Omicron is so infectious that I fully expect to catch it sometime this go round. I take what I consider are common sense precautions but unless you fully lock down with no contact with the outside world, there’s little you’ll be able to do to avoid contact with the disease. Fortunately, it appears to be less problematic than earlier variants. One of the things I wish we would get a better handle on in our health statistic reporting is a breaking down of Covid hospitalizations into a category of hospitalization from Covid (the infection is the primary reason for the acute illness) and a category of hospitalization with Covid (the infection is incidental to the reasons for the hospitalization). Unfortunately, there doesn’t appear to be much good data on this on a national level (although several health systems have run the numbers and it looks like a significant percentage of omicron hospitalizations are persons with incidental Covid infections. That’s one of my pet peeves at the moment. With all of the money we have in this society, how can we be so bad at testing and contact tracing. There are whole states that appear to be throwing all of that out the window for political reasons. And don’t get me started on the lack of tests… Every pharmacy I have passed all week has said ‘sold out of covid tests’. They aren’t that hard to manufacture and the government has been throwing money at the sector. Congress is auditing as there’s a significant mismatch between the funding authorization and what’s appearing on the street. What a surprise.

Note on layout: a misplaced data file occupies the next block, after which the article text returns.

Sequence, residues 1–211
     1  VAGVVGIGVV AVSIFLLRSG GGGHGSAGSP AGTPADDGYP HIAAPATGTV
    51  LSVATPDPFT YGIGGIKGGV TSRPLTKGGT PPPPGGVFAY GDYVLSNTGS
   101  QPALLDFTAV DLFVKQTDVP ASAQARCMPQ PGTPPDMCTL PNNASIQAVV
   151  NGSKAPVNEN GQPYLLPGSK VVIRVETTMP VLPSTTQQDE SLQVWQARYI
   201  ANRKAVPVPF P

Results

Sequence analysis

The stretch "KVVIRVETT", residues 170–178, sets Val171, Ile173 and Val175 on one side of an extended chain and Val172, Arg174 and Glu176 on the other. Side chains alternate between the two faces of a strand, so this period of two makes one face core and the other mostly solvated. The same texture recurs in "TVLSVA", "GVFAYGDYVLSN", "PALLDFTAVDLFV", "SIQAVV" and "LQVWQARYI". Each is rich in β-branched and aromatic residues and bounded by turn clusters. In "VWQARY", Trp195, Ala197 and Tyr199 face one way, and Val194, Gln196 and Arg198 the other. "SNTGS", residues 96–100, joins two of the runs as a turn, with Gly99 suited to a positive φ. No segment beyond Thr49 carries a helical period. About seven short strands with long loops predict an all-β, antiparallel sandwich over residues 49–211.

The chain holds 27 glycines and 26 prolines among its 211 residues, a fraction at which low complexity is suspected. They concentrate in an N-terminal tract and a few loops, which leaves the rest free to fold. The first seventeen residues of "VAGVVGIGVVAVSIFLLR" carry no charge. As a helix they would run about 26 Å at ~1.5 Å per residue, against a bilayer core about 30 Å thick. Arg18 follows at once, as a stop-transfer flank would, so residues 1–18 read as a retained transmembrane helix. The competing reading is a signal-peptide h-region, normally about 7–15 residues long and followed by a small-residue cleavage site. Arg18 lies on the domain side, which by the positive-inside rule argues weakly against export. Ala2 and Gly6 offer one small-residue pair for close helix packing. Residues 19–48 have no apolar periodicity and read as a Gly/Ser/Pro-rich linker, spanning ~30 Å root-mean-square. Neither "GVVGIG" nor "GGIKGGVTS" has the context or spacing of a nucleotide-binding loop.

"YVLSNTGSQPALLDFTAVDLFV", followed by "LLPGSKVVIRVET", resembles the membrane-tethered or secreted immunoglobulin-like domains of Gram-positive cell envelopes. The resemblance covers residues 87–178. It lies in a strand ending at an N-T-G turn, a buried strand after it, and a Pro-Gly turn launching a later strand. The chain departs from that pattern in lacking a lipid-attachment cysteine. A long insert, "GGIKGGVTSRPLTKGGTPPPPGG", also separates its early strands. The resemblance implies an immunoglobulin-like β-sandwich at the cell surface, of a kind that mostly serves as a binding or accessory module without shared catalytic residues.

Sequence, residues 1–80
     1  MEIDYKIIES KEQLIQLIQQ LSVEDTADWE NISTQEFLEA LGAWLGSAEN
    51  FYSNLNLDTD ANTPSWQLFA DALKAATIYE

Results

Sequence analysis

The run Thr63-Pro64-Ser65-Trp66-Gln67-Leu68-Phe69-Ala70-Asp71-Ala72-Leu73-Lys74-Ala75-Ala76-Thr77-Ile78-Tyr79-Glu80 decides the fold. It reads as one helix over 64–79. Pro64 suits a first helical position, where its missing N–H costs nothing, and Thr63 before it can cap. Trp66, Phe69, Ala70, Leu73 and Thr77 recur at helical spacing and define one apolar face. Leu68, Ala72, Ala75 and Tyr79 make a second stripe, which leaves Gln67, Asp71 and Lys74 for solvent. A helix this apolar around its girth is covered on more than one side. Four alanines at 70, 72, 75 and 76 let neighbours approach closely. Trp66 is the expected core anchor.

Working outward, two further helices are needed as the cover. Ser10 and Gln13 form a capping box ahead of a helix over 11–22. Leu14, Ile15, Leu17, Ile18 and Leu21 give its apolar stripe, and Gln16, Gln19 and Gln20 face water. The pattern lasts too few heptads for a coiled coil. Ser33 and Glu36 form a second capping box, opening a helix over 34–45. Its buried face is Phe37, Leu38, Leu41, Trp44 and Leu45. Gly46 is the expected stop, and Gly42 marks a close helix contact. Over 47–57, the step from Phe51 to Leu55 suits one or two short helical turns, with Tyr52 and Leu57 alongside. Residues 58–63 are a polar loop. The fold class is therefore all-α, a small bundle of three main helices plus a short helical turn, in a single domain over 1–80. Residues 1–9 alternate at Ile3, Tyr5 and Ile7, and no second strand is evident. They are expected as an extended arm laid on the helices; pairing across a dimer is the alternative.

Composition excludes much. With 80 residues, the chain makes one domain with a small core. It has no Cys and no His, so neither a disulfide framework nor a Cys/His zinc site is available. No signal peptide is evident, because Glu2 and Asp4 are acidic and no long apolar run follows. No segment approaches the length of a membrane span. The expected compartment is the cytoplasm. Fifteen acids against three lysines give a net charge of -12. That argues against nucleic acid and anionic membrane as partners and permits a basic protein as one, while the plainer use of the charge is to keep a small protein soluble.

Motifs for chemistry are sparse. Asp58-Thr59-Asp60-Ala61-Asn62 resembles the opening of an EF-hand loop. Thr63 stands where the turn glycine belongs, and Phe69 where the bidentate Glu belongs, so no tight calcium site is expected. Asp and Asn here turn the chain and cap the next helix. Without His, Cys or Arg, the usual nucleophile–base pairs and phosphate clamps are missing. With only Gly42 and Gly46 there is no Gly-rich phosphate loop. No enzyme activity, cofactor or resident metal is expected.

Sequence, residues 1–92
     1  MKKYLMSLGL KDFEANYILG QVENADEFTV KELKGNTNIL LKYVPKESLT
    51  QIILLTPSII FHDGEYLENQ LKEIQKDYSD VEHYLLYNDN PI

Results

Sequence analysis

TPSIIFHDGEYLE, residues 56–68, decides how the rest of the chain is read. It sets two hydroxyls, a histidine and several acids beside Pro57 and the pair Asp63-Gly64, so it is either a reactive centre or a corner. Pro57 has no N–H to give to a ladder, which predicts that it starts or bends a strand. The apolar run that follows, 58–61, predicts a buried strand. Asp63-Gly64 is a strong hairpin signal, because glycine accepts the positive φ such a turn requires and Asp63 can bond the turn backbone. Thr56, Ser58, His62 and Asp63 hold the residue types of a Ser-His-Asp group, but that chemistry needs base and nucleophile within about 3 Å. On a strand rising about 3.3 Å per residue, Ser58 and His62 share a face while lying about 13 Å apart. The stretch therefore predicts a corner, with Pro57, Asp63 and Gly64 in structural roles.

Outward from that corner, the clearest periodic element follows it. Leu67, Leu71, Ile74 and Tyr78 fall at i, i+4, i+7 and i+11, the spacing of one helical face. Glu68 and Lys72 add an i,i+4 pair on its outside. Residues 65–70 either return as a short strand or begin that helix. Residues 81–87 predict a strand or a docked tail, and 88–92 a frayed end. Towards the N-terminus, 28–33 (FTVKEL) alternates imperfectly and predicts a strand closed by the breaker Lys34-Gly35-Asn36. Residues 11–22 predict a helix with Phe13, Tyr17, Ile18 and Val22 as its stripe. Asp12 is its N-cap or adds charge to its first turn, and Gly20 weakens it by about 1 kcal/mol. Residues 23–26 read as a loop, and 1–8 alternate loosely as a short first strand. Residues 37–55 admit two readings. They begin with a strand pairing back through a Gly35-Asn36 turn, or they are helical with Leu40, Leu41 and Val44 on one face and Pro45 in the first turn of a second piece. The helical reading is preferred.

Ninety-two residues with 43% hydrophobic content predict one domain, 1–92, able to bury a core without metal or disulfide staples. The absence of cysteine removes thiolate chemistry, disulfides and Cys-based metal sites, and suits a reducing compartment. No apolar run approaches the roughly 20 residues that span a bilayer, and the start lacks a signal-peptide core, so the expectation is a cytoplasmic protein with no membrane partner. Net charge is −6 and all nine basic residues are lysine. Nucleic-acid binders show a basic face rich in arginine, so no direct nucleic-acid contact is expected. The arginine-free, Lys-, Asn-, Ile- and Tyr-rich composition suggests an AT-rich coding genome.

With the new year, I’ve been thinking a lot about what’s next. It’s that time of year for everyone to get their prognostications in order and do their best Madame Cleo. All I can say is that, given the way the last few years have gone, everyone is going to be dead wrong. The car has jumped the tracks and all we can do it hang on and see where it’s going to come to rest. I’m not terribly hopeful about this next year as it’s an election year and one of our two great political parties has spent the entire last year remaking itself into the image of the former president as they believe that’s what’s going to give them an electoral advantage. Nearly 50% of the Republican congress people who were sworn in in January 2017, the beginning of the Trump era, are no longer in office. The party has purged itself of perceived enemies, trading in Adam Kinzingers on Marjorie Taylor Greenes.
I think we’re a long way from open hostilities/Civil War, but we’re not that far away from the rules of the game being changed to make it more difficult for an opposition party to be effective once the other party has captured the castle. I have no idea what’s going to happen in next November’s political elections – there’s a lot that could affect it one way or another over the next ten months – pandemic issues, economic gains and losses, minor or major scandals, gerrymandering. Anyone who tells you that this or that is going to be the defining factor is lying through their teeth. There’s way too much in play for anyone to know. I’ll support which ever party supports, regulation of unfettered capitalism, public health, education, and improving lives of average people. In the meantime, get those vaccines and boosters, wear your mask indoors, and keep your hands washed.